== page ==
The group of trees’ unique fossil record is likely due to a “catastrophic” earthquake-induced landslide that occurred in an ancient rift lake, he said.
“These trees were still alive when the earthquake happened. They were buried very quickly, very soon after, at the bottom of the lake, and then the lake went back to normal,” Stimson said.
Finding complete fossil trees is rare and much less common than finding a complete dinosaur, said Peter Wilf, a professor of geosciences and paleobotanist at Pennsylvania State University, who was not involved in the study. Wilf noted via email that the “unusual” new fossil tree was a remnant from a time period when there are almost no tree fossils.
“The new fossils are a milestone in our understanding of how early forest structure evolved, ultimately leading to the complex rainforest architectures that support most of Earth’s living biodiversity,” Wilf added.
‘Very Dr. Seuss’
To King, a research associate at the New Brunswick Museum who found the group of fossils, the Sanfordiacaulis would have looked like something straight out of Dr. Seuss was picked.
“You know, in ‘The Lorax’ the trees have big pom-poms at the top and narrow trunks? These probably have a similar structure. You have a huge crown at the top, and then it narrows and paper into this very small trunk,” King said. ‘It’s a tree that looks all over Dr. Seuss looks. It’s a weird and wonderful idea of what this thing could look like.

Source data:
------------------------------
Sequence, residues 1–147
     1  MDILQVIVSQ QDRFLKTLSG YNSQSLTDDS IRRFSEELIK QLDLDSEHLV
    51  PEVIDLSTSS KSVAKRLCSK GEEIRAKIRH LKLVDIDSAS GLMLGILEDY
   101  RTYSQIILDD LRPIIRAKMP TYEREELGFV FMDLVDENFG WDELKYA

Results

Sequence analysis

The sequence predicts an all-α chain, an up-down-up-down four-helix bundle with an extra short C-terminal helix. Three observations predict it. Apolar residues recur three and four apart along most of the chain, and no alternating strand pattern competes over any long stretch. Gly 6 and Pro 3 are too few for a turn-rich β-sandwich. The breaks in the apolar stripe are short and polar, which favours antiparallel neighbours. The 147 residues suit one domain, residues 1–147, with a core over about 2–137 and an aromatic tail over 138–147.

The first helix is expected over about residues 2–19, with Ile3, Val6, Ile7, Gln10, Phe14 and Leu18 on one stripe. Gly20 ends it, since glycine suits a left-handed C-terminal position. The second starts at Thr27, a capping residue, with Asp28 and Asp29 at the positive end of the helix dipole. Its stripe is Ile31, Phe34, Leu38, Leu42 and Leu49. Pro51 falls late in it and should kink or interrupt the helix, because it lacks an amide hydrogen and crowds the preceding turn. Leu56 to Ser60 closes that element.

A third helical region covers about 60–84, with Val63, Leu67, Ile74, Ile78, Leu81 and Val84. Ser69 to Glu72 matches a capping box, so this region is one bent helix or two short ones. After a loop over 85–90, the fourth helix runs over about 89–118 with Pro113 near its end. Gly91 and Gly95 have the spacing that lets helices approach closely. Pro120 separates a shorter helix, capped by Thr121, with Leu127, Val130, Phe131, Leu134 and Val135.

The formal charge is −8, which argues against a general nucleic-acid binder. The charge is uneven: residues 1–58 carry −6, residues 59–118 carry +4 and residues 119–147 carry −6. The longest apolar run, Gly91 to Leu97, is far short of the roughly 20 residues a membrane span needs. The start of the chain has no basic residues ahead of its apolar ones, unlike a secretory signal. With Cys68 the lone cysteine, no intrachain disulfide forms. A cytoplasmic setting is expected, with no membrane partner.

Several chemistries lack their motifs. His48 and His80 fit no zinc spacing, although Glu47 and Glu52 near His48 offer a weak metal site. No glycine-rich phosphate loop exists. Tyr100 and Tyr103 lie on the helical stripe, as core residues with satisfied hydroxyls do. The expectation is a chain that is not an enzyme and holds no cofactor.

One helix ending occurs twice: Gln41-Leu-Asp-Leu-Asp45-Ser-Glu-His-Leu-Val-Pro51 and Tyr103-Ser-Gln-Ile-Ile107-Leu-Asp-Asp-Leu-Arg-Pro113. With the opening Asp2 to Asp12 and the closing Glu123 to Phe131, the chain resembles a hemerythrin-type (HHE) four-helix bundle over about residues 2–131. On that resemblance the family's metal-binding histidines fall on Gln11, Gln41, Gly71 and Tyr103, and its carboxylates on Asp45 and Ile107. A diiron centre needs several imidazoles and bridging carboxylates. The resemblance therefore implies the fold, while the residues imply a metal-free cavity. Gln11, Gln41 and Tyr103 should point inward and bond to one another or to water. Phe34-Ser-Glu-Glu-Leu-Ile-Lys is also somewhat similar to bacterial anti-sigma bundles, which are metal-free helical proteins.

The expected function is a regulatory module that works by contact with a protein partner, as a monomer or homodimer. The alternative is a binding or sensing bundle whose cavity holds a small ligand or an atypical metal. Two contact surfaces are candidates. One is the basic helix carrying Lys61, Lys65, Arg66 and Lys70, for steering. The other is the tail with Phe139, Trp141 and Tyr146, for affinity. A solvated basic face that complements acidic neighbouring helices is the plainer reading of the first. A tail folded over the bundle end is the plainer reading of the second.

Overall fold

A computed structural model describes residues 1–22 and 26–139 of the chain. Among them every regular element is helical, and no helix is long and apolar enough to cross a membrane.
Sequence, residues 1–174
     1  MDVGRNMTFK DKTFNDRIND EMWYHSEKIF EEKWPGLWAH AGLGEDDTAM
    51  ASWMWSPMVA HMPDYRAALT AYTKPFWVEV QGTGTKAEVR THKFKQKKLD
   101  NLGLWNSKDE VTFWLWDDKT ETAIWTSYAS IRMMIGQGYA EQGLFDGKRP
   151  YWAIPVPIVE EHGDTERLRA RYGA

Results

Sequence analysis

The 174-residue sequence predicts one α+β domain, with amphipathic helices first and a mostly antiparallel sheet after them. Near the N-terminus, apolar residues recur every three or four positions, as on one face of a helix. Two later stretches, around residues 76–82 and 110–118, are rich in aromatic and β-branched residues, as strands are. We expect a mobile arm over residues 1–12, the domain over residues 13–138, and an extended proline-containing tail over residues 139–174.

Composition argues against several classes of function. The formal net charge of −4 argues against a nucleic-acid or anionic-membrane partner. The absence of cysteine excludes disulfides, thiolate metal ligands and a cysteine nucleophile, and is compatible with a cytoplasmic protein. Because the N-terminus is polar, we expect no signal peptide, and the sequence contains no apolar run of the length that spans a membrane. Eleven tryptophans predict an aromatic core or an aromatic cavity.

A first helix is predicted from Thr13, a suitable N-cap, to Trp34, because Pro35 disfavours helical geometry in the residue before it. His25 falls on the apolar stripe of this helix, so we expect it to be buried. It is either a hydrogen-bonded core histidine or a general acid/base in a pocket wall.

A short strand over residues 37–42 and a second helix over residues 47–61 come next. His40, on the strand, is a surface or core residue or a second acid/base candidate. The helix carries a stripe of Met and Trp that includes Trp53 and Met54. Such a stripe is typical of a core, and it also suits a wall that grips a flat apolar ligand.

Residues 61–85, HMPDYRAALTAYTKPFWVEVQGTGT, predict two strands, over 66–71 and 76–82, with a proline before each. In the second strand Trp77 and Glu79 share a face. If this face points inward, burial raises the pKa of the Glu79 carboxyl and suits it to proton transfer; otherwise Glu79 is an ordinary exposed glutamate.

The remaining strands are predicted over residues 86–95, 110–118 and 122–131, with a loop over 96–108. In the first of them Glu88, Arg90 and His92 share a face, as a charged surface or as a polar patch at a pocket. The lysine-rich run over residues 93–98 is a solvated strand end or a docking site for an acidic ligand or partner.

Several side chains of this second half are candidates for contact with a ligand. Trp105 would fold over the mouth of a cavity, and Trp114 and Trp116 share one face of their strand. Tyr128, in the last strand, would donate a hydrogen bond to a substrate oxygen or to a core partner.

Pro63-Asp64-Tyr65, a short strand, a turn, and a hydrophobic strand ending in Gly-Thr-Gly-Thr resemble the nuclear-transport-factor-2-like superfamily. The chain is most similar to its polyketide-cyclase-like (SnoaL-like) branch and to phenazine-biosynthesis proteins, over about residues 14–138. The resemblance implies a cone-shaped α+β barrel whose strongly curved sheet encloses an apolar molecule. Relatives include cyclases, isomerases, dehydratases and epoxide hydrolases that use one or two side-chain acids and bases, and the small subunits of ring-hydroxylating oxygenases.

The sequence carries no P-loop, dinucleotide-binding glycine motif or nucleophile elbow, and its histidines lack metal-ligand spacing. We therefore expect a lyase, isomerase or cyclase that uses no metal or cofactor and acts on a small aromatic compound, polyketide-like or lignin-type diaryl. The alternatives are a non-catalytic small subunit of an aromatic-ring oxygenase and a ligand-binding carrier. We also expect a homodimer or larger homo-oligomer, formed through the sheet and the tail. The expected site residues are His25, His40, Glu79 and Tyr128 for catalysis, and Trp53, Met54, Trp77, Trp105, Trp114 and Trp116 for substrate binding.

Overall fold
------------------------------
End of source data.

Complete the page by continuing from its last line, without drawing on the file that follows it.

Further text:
But the Sanfordiacaulis’ rule was short-lived, the researchers said. “We won’t see this architecture of plants again,” Stimson told CNN. He noted that it grew in the early Carboniferous period, a period near the end of the Paleozoic Era, when plants and animals diversified as they began to make their way from water to land.
Much of evolution is experimental, with success often measured by a species’ versatility, or its ability to adapt to many different places and conditions. The curious array of tree fossils provides evidence of a “failed experiment of science and evolution,” Stimson added. “We are now really starting to paint a picture of what life was like 350 million years ago.”
Look forward to something
Fossils like the Sanfordiacaulis are not only useful in helping people understand how life changed in the past, they can also help scientists figure out where life on our planet might go.
The existence of this particular species suggests that trees from that period began to occupy distinct ecological niches beyond those previously understood, according to the researchers behind its discovery.
Gastaldo sees this as an indication that plants – like early invertebrates – were experimenting with how they adapted to the environment. The earthquake that likely led to the trees’ fossils also provides new geological evidence of what may have been happening in Earth’s systems at the same time.
“This is really the first evidence we have of (a tree) being between what’s growing on the ground and what’s well above the ground,” Gastaldo said. “What else was there?”